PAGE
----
Photo ou archives : F-M. Dumas
GS 650 G KatanaÂ· 1980
Two birds with one stone
At the 1980 Paris Salon, Suzuki made the headlines by unveiling one of the most futuristic motorcycles yet seen: the GSX 1100 Katana, a product of the talented Target design studio. It virtually overshadowed the much more sensible GS650 Katana, derived from the same styling exercise.
Nevertheless, the GS650 drew full profit from the style created by Target. In particular, it offered a very comfortable riding position, with an ultra-low saddle well-designed for both rider and passenger. Its tank, with a generous cut-out for the knees, allowed the rider to lay right down on the machine. Endowed with a highly competitive performance for its day, the GS650 offered the rare advantage of having shaft final drive, still preferred by certain diehards despite the considerable progress in chain design. In short, the Katana seemed to possess all the right plus points for a long career.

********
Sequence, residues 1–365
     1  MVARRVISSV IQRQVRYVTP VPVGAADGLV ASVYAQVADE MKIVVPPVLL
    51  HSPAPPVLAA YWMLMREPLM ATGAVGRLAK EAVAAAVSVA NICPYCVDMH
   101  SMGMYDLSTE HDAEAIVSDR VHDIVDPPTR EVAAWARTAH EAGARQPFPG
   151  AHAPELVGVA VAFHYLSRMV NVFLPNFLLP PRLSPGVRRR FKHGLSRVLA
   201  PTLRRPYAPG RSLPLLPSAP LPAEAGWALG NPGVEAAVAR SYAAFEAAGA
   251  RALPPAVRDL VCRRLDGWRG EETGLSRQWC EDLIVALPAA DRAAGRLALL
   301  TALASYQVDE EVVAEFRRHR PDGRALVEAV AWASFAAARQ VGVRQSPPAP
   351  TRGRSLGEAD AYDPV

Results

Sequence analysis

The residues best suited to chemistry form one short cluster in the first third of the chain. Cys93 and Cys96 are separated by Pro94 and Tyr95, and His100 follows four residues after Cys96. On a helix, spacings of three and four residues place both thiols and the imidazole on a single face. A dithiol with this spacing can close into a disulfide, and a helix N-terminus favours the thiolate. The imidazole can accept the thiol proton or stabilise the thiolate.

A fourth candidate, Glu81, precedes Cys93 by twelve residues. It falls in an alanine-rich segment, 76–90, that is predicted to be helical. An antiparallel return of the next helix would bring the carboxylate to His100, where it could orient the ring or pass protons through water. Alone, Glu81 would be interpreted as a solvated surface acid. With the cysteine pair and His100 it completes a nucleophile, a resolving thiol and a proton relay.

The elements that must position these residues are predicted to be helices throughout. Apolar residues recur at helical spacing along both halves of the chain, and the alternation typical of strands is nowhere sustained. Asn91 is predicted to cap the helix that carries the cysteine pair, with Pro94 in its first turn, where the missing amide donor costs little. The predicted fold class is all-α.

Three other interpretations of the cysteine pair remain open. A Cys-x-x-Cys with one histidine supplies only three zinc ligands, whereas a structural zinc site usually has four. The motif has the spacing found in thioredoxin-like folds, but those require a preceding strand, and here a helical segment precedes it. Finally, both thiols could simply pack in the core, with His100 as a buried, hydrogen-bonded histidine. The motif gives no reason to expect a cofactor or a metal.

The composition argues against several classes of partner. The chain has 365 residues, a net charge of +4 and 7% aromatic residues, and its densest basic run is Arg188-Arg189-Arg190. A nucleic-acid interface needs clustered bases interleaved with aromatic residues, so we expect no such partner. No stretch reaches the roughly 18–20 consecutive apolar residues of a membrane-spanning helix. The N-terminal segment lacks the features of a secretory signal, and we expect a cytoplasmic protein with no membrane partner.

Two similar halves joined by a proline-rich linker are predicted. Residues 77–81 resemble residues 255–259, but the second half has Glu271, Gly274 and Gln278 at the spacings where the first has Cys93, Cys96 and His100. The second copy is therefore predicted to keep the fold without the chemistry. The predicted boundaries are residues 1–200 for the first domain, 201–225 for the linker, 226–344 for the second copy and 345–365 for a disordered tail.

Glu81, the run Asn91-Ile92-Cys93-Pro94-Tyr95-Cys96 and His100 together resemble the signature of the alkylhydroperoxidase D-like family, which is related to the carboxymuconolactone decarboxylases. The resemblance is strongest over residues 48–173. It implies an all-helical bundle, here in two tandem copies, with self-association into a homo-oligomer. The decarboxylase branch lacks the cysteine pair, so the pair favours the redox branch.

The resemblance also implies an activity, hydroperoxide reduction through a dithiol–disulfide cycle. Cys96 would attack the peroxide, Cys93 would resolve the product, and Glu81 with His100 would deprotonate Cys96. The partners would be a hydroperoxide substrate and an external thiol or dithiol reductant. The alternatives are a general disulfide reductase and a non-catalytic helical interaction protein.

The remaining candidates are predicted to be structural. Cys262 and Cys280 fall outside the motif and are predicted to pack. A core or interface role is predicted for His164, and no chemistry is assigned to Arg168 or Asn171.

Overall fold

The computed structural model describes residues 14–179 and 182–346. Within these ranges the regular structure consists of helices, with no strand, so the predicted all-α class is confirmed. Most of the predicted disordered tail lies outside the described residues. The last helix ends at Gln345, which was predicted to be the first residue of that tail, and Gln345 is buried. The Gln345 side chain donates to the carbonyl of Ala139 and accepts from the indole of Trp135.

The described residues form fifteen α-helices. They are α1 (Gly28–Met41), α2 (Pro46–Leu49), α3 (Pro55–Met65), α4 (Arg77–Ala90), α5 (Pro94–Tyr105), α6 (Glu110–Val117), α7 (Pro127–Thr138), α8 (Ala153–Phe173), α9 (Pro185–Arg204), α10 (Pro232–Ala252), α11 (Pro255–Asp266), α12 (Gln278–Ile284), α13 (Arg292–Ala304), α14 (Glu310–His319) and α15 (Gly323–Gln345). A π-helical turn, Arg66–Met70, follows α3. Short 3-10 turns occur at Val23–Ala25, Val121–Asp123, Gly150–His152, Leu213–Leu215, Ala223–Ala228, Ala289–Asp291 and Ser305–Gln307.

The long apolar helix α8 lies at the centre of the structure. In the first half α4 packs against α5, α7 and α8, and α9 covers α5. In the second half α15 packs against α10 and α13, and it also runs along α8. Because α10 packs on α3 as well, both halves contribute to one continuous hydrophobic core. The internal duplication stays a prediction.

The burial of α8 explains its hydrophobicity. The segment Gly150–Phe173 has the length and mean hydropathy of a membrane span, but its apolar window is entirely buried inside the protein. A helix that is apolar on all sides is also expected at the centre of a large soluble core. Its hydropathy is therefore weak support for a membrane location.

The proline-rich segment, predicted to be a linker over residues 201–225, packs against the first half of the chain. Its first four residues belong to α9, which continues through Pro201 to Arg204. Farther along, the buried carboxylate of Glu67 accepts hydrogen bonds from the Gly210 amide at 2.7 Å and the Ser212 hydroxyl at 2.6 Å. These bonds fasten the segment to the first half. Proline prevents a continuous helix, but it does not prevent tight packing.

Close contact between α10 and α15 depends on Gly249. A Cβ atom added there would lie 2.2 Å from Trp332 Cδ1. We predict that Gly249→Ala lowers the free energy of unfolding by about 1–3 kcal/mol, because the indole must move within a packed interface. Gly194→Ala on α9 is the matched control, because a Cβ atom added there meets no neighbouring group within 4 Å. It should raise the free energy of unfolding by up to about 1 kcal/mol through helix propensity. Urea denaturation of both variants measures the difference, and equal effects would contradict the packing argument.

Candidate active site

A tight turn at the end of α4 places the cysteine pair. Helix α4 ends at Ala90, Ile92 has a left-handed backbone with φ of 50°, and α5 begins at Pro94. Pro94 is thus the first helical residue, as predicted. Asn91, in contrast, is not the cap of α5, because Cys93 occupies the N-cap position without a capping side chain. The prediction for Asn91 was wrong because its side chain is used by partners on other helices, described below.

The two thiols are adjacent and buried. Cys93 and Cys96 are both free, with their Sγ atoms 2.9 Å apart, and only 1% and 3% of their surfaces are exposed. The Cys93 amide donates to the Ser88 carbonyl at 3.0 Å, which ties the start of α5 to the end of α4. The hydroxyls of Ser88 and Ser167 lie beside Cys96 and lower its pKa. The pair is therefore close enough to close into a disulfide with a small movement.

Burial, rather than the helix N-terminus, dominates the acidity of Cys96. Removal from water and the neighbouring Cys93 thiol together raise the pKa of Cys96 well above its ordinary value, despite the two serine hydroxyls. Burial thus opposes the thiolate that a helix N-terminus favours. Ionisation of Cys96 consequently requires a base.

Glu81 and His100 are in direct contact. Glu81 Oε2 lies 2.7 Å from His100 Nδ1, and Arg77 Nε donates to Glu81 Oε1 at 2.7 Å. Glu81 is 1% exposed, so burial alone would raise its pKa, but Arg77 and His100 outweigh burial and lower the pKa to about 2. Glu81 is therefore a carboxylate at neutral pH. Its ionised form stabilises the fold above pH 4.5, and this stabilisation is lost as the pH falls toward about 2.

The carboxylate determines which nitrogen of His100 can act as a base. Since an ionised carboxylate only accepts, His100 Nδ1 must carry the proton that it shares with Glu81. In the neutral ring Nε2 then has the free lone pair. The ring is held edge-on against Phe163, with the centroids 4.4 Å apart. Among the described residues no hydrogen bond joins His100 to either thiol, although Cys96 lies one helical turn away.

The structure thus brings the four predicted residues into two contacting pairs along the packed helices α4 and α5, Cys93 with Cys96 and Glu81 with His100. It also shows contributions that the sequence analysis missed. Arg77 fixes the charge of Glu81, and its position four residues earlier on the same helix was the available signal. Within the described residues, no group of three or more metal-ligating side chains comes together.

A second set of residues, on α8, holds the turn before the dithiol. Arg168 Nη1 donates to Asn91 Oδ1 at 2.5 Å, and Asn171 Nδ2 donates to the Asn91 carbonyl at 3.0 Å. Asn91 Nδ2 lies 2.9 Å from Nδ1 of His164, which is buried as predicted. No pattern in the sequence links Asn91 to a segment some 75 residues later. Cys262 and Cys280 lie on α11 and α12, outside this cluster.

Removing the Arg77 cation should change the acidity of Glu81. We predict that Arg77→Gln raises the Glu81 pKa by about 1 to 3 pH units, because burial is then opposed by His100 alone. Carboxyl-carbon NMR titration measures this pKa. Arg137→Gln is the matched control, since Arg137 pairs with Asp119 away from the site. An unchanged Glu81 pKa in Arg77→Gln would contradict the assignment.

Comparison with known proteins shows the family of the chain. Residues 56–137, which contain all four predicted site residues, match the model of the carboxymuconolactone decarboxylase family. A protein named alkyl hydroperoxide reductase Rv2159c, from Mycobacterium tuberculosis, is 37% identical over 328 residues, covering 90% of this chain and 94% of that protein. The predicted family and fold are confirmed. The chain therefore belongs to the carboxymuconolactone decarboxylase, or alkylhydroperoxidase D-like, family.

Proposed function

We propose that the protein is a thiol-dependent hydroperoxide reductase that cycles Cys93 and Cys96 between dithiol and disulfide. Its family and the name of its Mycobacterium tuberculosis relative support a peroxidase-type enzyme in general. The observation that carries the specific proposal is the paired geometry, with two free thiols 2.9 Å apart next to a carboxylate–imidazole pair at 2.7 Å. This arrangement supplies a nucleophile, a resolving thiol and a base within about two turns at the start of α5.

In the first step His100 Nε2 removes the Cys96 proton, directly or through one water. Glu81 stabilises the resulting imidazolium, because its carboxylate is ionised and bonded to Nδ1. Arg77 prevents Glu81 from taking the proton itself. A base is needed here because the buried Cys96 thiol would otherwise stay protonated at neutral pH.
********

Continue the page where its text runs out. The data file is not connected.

Too Strong an Image
The nuances of the market's reaction are sometimes difficult to predict, and the bike failed to live up to its early promise. The aggressive colors of the 650 GSX frightened away the traditional tourists while the sporting element turned to more extreme models. Happily, the marque had been wise enough not to put all its eggs in one basket and simultaneously launched a very similar 650 of more sober appearance plus another, cheaper model with final drive by chain.
Engine: 673cc (62x55.8mm) air-cooled 4- cylinder four-stroke
Power Rating: 72 hp @ 9500 rpm
Valves: twin overhead camshafts driven by chain/2 valves per cylinder
Fuel System: four 33mm carburetors
Transmission: 5-speecl; final drive by shaft
Suspension: telescopic fork (front); swinging fork with two spring-damper units (rear)
Brakes: twin disk (front); disk (rear)
Wheels: alloy, 19 inch (front); 17 inch (rear)
Weight: 481 lb
Maximum Speed: 121 mph
The 650 Katana did not enjoy the success it deserved: nevertheless, it was rapid and comfortable and regarded as an excellent grand tourer.